"Twenty years ago, this conversation would never have occurred between us," says John Elder Robison, his voice calm and unemotional. From across the table in a downtown Toronto boardroom, he looks me in the eye - briefly - then looks back down and continues to explain "the profound, positive transformation" he began to experience at the age of 40.
"The idea that some guy would walk around and take pictures of me," he says, indicating The Globe's photographer, "and I would be unmoved by that?" He leaves the question in the air, looks up quickly again and then back down at the table's surface. His expression remains implacable. "I'd have been looking to see if he's behind me and was going to jump on me," he explains. He would have not listened to the questions. He might have said inappropriate things or regaled me with useless information he found fascinating.
"I would have failed this exchange," he says flatly with no trace of humour. "I can see there's no threat from either of you. But because [before]I couldn't deduce that, I would always be wary like a feral dog. It's like being a sheep in a pack of wolves."
Mr. Robison, now 53, is like a guide who gives tours of another planet - in this case, one whose inhabitants are different neurologically. This tall man, dressed in a checkered, preppy shirt and conservative pants, has Asperger's syndrome, a neurobiological disorder on the autism spectrum that often creates a combination of remarkable proficiencies along with disabilities.
His new book, Be Different: Adventures of a Free-Range Aspergian, reads like a helpful handbook for anyone who wants to know how to fit in with "nypicals" - his less-clinical contraction of the word "neurotypicals," meaning people with ordinary brain wiring.
Aspergians typically cannot look others in the eye. They cannot read social situations well and often have difficulty bonding emotionally with others. Many develop esoteric obsessions. Mr. Robison's youthful claim to fame was for designing illuminated, fire-breathing and rocket-launching guitars for the glam-rock band KISS. Now, he runs one of the largest independent specialty car shops in the United States, where he restores and repairs Land Rovers, Rolls-Royces and Bentleys.
But his youth was painful. His father, a philosophy professor at the University of Massachusetts, was an alcoholic who died in 2005. His mother suffered from mental illness. His younger brother Chris, who changed his name to Augusten Burroughs when he was 18, wrote the memoir Running With Scissors about his horrific childhood.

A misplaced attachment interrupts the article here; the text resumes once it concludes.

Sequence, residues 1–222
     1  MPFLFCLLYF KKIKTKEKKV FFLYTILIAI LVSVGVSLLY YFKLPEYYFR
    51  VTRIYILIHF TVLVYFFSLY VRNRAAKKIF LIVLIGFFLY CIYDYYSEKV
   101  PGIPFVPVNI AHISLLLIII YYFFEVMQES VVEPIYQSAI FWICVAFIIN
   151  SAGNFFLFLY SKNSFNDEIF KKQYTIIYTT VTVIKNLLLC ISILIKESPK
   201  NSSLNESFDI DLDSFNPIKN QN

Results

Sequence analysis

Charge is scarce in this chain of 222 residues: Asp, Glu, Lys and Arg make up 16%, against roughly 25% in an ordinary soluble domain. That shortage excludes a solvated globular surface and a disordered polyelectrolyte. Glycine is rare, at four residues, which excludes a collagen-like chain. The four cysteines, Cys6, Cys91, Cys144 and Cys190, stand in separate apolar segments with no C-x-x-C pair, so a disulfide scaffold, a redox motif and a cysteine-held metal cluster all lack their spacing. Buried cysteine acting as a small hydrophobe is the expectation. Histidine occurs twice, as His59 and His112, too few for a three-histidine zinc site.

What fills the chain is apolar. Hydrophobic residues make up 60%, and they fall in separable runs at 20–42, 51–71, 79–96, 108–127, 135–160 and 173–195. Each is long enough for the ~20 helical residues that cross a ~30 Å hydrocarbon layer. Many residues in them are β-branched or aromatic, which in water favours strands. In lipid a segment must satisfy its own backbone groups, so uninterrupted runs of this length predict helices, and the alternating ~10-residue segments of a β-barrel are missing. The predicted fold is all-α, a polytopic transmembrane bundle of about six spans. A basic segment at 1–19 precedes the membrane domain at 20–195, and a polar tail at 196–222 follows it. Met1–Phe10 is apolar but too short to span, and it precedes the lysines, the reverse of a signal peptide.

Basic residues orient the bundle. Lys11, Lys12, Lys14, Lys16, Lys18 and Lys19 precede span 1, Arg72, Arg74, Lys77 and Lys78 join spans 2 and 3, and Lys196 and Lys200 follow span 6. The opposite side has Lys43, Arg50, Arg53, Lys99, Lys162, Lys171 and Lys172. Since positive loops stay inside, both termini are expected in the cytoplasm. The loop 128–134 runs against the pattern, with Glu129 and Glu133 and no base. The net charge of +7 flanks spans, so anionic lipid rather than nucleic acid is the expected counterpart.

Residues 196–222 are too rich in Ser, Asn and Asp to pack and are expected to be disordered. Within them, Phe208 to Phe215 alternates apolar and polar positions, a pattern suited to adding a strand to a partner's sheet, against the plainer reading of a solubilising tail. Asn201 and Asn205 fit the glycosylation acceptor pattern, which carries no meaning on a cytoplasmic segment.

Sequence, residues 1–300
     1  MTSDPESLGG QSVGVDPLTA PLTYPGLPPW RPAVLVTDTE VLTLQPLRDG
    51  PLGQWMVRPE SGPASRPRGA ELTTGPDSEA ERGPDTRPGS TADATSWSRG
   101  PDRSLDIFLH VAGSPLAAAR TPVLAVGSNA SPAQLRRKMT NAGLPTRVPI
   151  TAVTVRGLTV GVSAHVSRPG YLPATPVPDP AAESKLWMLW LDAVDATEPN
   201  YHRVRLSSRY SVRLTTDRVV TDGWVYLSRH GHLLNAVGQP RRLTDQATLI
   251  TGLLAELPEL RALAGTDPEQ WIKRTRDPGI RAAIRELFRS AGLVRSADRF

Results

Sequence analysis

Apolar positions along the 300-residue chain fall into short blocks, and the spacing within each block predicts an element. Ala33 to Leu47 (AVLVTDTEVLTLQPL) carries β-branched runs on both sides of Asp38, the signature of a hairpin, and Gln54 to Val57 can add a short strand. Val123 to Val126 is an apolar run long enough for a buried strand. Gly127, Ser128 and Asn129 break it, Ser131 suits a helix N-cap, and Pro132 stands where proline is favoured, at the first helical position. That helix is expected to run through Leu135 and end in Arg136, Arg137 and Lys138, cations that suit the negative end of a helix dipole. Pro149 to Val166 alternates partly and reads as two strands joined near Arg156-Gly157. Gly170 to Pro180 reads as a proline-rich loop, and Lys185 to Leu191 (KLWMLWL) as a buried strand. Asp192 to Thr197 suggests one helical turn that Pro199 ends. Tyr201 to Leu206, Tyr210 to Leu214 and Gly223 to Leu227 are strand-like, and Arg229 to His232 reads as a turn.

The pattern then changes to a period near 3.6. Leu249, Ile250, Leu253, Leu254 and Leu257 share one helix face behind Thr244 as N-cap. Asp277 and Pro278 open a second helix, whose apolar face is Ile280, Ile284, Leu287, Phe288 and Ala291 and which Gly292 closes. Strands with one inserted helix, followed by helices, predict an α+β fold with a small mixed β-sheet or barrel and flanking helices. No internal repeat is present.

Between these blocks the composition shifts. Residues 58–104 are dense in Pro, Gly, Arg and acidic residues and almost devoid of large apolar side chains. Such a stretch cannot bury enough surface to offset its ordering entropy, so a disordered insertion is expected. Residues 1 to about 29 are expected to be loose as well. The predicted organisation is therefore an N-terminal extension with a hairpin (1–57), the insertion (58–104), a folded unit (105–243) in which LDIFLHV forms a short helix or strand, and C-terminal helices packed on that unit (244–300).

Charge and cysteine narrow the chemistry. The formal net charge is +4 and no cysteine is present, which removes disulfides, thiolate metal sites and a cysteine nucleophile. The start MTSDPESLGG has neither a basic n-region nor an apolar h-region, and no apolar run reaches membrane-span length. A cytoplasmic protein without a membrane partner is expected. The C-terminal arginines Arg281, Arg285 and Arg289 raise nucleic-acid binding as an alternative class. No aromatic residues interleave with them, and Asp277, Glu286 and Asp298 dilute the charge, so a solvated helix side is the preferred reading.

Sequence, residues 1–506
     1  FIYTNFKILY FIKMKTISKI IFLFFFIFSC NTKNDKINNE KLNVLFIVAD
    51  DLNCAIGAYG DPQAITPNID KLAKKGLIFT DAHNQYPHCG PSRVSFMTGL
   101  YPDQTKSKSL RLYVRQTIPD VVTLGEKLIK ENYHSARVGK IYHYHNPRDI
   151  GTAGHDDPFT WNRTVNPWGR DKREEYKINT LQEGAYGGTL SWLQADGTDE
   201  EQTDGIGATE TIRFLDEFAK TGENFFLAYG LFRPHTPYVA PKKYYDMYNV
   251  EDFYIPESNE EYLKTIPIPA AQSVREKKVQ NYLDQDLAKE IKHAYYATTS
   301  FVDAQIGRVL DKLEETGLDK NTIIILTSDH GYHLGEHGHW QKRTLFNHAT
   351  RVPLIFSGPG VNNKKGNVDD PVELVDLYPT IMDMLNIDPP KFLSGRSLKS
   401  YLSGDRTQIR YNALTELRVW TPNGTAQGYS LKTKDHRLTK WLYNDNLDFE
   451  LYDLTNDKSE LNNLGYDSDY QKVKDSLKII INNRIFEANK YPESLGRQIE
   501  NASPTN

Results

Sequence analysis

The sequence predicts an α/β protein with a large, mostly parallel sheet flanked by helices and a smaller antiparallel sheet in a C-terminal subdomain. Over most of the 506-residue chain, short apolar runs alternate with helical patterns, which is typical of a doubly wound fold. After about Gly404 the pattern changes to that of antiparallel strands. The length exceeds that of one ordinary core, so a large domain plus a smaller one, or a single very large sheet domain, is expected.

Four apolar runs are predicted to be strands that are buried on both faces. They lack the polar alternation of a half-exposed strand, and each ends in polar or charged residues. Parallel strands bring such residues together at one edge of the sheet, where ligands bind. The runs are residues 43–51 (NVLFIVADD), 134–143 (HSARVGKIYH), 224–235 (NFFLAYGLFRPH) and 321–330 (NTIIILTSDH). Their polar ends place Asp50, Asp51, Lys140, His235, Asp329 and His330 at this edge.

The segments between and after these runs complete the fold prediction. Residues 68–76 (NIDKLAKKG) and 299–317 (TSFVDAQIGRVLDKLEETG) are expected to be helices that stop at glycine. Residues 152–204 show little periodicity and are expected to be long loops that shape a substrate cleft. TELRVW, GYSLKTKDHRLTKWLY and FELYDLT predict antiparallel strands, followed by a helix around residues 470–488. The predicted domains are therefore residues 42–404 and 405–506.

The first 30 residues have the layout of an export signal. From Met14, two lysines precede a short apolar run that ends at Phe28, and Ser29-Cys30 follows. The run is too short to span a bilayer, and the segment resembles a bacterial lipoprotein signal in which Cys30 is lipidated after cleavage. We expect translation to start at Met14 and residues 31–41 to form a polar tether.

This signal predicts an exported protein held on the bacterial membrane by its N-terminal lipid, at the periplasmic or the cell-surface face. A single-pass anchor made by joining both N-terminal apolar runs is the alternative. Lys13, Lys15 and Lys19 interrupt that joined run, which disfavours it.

"My brother's portrait of our parents is quite a bit harsher than my own. But no matter which story, I suppose we didn't have the best of upbringings," Mr. Robison says without any indication of irony.
He dropped out of high school in Grade 10. "I had the language skill of a college professor and I had the social skills of a three-year-old," he explains. "People think you're just a bad kid. You grow up feeling defective because you're not like everyone else."
He was bullied, and as a teenager struggled to find a girlfriend. In his book, he describes feeling convinced that he'd grow up to be a criminal because everyone who didn't understand his condition only saw an anti-social misfit.
That all changed the day a client who was a therapist walked into the car shop and gave him a book on Asperger's. Mr. Robison was 39.
"I was shocked at first, but it was a revelation to read how people are different from other people, and see that was me. I felt a great sense of relief."
He wrote his first book, Look Me in the Eye, with the encouragement of his brother in 2007.
That Mr. Robison was able to understand his deficiencies and train himself to overcome them without medication is the hope he wants to give others.
In his new book, he gives practical advice for Aspergians, their parents and teachers to help them function more easily in the world.
"I think you can teach most anyone basic social behaviour. Being autistic or Aspergian does not mean that you can hit the people next to you or throw things or knock chairs over. The fact is that if you tolerate that kind of behaviour, that person is going to feel he can do just that because you allowed it in school."
But his transformation - what he calls "my emergence from disability" - has brought new hardships. His second marriage recently ended in divorce.
"Everything is changed for me now. Now, I can figure that stuff out for myself, and now I'm out in the world and I want to be friends with people, and she doesn't want to do those things. So we've grown apart and it's a sad thing."
Despite his success, low self-esteem plagues him still.
"I recognize now that the work I do as an advocate for people who are different is widely praised. I can read a good review. I can hear things people say about me ... I understand that's a good thing. It's better for you to be praising me rather than if I'm upsetting you. But your words don't change my internal state."
His lack of emotional animation is common for an Aspergian - something he helpfully points out. He folds his hands on the table, pleased, one imagines, with his successful interview, even though he doesn't show it. Or feel it, presumably. Asked what he would like in life, he answers methodically: "I want to be able to support myself and feel I have a combination of emotional and financial security that has eluded me."
He looks up briefly, without smiling, and then back down at his large, clean hands with tidy fingernails.